April 9, 2014
Instant Insight: 3 Lessons Learned from Snowjam 2014
There is an often-droll ritual that happens in Atlanta when snowflakes appear on our weather apps.
(It involves a mass beeline to grocery stores for milk and bread.)
Meanwhile, local TV stations report on the resulting empty aisles, and there’s a collective ribbing among friends that we actually made the grocery run in the first place. Then, with noses pressed to the window — kids and adults alike — we wait for the inevitable dusting of snow that melts before it hits the ground. This is a typical Atlantan’s perception of winter.
Snow is a novelty, and we average just more than two inches in the city annually. And here lies much of the problem that we saw during what the media dubbed “Snowjam 2014” on Jan. 28, when there were sheets of ice along with 2.6 inches of snow on the road, stranding thousands of motorists during a massive gridlock throughout metro Atlanta. Children were stuck at schools, and drivers camped out on the roadways — or simply abandoned their vehicles to seek shelter at local businesses such as Home Depot.
Did we, as a community, go into this day a bit blasé about what was initially a 60 percent chance of snow? Perhaps. Are we unable to drive on sheets of ice? Admittedly so. It is safe to say that our perception of winter played into the outcomes we read about and experienced.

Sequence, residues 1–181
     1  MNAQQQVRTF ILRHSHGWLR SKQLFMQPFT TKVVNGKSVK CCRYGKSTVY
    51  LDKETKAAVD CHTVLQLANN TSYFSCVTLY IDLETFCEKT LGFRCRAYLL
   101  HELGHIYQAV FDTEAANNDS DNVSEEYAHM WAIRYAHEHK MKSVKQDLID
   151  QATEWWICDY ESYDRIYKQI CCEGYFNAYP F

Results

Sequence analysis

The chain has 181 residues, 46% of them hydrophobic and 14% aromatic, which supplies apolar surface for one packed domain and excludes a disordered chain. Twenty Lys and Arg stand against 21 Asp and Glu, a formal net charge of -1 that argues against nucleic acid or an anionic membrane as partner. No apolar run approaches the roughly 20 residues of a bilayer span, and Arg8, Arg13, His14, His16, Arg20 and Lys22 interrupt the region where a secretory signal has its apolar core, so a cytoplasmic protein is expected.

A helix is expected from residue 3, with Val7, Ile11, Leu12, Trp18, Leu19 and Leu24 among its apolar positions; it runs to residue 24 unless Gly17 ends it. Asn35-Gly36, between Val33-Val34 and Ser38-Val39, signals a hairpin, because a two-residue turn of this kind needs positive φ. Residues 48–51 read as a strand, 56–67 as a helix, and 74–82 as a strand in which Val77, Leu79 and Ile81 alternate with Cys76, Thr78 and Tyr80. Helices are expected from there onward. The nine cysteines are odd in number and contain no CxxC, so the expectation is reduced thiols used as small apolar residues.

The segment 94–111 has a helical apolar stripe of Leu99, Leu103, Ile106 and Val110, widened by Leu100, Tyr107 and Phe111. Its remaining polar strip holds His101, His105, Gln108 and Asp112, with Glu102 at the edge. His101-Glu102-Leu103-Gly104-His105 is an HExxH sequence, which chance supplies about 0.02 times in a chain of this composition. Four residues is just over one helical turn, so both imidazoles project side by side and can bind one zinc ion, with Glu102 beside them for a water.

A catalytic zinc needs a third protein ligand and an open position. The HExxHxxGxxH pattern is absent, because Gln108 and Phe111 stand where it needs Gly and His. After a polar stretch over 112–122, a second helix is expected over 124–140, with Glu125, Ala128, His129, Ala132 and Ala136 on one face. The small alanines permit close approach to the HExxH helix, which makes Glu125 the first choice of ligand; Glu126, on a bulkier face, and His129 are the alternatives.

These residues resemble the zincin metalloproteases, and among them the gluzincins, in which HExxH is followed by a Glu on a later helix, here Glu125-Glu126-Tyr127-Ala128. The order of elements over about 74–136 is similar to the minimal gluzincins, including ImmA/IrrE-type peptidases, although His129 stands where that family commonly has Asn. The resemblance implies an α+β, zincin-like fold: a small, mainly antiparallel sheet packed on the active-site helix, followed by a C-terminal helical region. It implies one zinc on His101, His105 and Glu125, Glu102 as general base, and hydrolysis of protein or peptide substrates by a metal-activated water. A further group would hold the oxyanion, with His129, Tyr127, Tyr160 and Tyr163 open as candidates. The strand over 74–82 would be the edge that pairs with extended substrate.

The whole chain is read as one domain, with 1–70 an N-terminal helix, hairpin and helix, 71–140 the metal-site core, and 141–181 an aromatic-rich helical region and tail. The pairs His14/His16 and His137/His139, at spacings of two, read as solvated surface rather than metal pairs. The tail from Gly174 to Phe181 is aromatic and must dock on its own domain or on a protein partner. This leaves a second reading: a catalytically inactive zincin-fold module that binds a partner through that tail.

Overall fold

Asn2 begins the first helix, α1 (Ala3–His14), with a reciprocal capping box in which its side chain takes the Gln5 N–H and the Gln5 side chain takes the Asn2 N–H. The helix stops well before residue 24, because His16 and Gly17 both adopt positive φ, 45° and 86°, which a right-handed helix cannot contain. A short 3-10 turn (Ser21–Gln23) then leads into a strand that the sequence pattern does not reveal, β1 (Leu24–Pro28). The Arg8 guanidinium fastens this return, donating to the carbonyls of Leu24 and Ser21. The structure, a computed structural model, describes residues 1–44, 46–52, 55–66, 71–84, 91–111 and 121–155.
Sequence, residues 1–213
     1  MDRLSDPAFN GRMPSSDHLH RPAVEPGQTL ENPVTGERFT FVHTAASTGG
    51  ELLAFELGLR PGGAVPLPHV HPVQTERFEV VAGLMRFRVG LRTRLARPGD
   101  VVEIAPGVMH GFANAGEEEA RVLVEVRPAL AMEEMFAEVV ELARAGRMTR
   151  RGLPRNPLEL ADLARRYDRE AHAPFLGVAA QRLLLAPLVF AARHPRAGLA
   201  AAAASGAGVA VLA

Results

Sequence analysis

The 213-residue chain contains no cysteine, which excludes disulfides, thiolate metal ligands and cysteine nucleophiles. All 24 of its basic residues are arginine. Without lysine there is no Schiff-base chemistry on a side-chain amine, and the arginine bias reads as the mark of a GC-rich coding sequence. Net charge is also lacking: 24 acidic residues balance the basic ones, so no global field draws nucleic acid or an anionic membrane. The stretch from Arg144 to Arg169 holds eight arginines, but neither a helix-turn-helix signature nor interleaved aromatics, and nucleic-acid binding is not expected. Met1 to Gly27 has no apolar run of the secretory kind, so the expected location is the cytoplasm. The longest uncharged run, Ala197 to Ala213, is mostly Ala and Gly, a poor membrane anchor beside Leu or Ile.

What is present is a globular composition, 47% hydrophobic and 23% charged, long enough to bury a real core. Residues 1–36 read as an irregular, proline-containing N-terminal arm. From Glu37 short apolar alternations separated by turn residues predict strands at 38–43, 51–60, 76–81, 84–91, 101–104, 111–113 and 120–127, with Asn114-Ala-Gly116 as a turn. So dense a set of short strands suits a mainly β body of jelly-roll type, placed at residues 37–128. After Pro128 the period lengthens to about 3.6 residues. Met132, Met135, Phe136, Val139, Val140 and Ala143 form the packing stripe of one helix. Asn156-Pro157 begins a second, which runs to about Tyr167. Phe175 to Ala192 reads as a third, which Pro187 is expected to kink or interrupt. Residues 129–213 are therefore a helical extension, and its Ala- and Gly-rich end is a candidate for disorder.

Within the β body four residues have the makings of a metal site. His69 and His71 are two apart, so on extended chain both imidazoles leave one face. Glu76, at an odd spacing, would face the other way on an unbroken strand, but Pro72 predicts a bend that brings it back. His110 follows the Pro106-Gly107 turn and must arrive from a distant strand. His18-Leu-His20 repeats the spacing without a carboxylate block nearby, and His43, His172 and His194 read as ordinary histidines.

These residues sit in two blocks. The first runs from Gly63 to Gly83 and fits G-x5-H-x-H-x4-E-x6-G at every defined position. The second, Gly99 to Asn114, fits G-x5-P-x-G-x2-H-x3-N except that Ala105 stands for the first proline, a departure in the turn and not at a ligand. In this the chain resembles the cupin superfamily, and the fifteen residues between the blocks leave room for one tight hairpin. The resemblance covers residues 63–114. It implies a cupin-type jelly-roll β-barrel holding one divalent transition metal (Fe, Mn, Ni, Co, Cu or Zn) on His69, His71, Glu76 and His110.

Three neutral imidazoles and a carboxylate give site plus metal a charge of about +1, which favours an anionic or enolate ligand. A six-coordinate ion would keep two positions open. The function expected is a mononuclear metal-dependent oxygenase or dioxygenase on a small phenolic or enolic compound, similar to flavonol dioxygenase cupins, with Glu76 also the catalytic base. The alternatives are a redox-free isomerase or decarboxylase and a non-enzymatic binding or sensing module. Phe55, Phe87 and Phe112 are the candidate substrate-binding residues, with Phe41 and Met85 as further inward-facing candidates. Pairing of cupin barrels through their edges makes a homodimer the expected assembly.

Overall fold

As leading professional communicators, PRSA Georgia Chapter members often talk about managing reputation and communicating with our clients’ or organizations’ respective stakeholders in real-time and with transparency.
Building repute takes internal commitment and enthusiasm for delivering brand values and requires the consistency of employees’ behavior to sustain it. Then there is the task of managing the perceptions of our external audiences. Where do reputation and perception intersect? While similar, they really aren’t the same thing.
Perception is a subjective interpretation of reality that shapes opinion as well as action. It is the foundation of reputation. Our notions about a company, person or experience are based on the facts at our disposal at the time, whether that means a complete and fair assessment or not. Because of this, we often have a knee-jerk reaction to defend or rebut something or someone who doesn’t get a fair chance.
The perspective on how officials in Atlanta and the state of Georgia handled the events will vary, even among those of us who live here. The degree to which there are long-term ramifications on convention and tourism business and infrastructure, in particular, will largely be dictated by how well we can inform and increase awareness of actual events. This is the role of our leaders as well as our citizens.
The people who step in to change perception and seek to enlighten without a stake in the game reveal the strength and durability of a reputation. How do they accomplish this? Through dialogue, understanding and clarity in the message.
Being in the business of communication is interesting, exciting, demanding and immediate. The pursuit of clarity is unending in our business endeavors, but in our lives, we can and should strive for this for the greater good of our communities.